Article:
The Cumbrian band tell Tom Jenkins why sometimes it’s important to take a step back in order to move forwards
Photography James Rawlings
Sometimes less is more and sometimes less really is less. London via Kendal four-piece Woman’s Hour have spent the last four years moulding a minimalist aesthetic to fit their stylish synth-pop – think buttoned to the collar black shirts and one-shot videos directed by Deutsche Börse Photography Prize-winning artists Broomberg and Chanarin (more on this later). The world is starting to take notice: they were the sixth most blogged about band of 2013 according to blog aggregator Hype Machine and their debut album, Conversations, pencilled in for a July release, is one of the most hotly anticipated records of the year.
However, walking the dimly lit corridors backstage at London’s Brixton Academy towards their dressing room – they’re currently supporting Metronomy on a handful of dates here and in Europe – I’m reminded of the dilapidated public swimming baths I used to visit as a child, a mere stone’s throw from this famous venue. The pockmarked brick walls are coated with an ice-blue gloss, adding to the feeling of exposure you get in old buildings such as these. I spot a member of Metronomy wrestling with a cheese porcupine through an open door.
Woman’s Hour are a class act and very, very cool, so I’m expecting them to be a little guarded during our interview, as bands who are on the up and keen not to put a foot wrong usually are. In fact, siblings Fiona (vocals) and William Burgess (guitar), keyboard player Josh Hunnisett and bassist Nick Graves are warm, chatty and funny. Fiona describes their recent trip to the US, their first as a band, as “Fucking class” and there’s an air of gentle ribbing throughout, though it’s obvious they all adore each other.
They have an air of determination about them, though in keeping with their look and sound it’s understated. After a false start in 2011 with some hastily released songs that “should’ve stayed as demos” according to Fiona, they took some time out to lick their wounds and find out who they really were as a band. “We were approached to release a single and without any thought whatsoever we said yes,” says Fiona. “Suddenly the thing’s out and we had no real involvement. We didn’t record those songs to be released – they weren’t even finished. We were quite overwhelmed by the lack of control we had. We were just very naive and young. After that we decided to be a bit more private about what we were doing. We definitely learnt from it.”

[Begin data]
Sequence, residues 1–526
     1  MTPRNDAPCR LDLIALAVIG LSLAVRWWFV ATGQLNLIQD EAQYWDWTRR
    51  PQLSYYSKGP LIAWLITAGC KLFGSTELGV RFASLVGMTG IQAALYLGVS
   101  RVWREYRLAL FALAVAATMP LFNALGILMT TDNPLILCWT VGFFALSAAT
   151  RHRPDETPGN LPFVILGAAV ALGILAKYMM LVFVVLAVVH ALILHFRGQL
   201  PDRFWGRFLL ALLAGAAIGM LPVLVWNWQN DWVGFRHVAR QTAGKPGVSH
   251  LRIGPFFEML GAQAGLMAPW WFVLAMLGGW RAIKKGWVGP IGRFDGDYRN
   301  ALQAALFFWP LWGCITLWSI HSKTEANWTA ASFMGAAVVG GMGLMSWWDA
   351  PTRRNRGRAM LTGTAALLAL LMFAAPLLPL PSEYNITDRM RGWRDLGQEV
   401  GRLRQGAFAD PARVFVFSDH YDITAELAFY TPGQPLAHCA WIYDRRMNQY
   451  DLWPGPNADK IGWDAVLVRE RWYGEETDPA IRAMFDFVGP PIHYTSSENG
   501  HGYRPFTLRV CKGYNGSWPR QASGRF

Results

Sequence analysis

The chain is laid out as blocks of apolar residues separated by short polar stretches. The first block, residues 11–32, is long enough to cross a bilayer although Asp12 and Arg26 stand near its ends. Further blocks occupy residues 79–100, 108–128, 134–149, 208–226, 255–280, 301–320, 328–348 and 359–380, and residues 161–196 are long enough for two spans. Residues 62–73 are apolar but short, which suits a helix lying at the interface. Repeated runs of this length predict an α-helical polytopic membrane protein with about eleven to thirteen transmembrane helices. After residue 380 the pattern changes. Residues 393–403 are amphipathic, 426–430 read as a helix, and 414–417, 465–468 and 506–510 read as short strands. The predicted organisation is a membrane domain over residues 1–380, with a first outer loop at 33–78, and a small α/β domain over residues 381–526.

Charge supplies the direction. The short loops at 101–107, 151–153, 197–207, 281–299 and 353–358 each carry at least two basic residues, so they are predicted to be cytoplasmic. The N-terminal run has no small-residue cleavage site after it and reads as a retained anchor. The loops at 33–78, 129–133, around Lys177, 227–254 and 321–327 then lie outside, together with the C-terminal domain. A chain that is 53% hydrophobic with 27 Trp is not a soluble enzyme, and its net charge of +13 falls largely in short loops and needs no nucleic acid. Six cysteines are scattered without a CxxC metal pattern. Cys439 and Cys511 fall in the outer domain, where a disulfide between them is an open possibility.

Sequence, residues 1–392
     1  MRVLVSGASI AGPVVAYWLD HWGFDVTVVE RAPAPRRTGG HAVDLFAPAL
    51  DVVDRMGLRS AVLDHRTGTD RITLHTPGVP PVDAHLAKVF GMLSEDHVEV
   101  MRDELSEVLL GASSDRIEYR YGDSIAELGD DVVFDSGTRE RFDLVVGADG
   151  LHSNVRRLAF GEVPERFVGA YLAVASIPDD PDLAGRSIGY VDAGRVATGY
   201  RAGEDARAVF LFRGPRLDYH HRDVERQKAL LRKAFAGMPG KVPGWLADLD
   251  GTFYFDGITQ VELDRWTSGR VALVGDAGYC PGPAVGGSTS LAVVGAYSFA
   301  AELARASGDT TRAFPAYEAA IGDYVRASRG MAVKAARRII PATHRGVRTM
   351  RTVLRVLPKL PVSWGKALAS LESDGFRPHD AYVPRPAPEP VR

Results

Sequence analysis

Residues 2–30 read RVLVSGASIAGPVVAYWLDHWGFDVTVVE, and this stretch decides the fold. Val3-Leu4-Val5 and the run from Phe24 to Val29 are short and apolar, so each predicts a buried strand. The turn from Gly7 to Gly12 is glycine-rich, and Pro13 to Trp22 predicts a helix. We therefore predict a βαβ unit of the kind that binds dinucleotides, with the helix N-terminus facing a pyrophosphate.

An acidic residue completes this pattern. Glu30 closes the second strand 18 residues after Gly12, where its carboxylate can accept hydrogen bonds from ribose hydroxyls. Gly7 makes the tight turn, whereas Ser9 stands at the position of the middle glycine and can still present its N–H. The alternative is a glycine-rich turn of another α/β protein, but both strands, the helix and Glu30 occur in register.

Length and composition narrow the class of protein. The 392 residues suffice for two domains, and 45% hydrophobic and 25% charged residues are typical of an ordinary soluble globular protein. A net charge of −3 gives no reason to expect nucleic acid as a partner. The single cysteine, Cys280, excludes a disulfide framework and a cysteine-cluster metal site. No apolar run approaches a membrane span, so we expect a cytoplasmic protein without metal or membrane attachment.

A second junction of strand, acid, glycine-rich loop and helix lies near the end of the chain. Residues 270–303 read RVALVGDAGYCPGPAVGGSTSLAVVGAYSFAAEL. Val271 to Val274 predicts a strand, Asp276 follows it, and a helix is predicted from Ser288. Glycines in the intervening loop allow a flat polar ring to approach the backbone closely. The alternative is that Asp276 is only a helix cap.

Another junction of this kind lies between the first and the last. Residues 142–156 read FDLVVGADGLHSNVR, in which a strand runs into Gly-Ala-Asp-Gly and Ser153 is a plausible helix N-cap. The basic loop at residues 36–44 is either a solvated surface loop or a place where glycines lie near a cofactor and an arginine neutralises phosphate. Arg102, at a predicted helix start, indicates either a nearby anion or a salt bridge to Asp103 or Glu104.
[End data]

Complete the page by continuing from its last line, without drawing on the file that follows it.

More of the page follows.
The band retreated to the rehearsal room and over the course of a year the songs that would eventually find their way onto Conversations began to take shape with the help of producer Tom Morris (Outfit, Gallon Drunk, Matthew Tong). They also struck up a friendship with Broomberg and Chanarin, who have since collaborated on the band’s videos and artwork, introducing poignantly cropped images from self-defence and first aid manuals “We’re interested in the way use photography as a means to question it as a medium,” says Fiona. “The idea of re-appropriating these images that are teaching you how to do things and making them actually quite oppressive or empowering interests us.”
In a candid interview with Betty Wood last week, Jenn Wassner of Baltimore band Wye Oak spoke about the difficulty of making money in the music business through record sales alone. Fiona Burgess is on a similar myth-busting mission. All of Woman’s Hour still work part time-jobs: Josh at a deli, Will at a pub, Nick does admin at a solicitor’s office and Fiona teaches drama at a psychiatric unit one day a week, making coffee at an antiques shop the rest of the time. They had to be back at work the day after getting back from the US.
“This façade with bands that you’re ‘making it’ and suddenly life works itself out and rent pays itself and blah, blah, blah,” she says, “actually the reality is it’s really hard. We’ve been totally committed to this and we’ve compromised so many other things to make this work. That element of compromise is essential because you have to feel like you’re giving up things, that’s what drives you – I’ve got to make this work because otherwise how am I going to justify leaving behind or neglecting those other things? It’s not an easy ride, but you definitely get the rewards when you’re standing on stage. That’s my favourite part of the whole thing.”
Having recently signed to prestigious American indie label Secretly Canadian, home to Anthony and the Johnsons and The War on Drugs, Woman’s Hour are rapidly becoming the ones to watch in 2014.
It’s been on their own terms says Fiona: “Of course can guide us in a way, but we don’t want to be told what to do and we’re quite stubborn in that sense, which is a good thing. They’re straightforward, no bullshit, and we admire that. We don’t want to have to compromise too much and with them we feel like we don’t have to. We’re still able to make the decisions we want to make – and we make all the decisions.”
If patience is a virtue then please welcome Saints Fiona, William, Josh and Nick – it’s Woman’s Hour at last.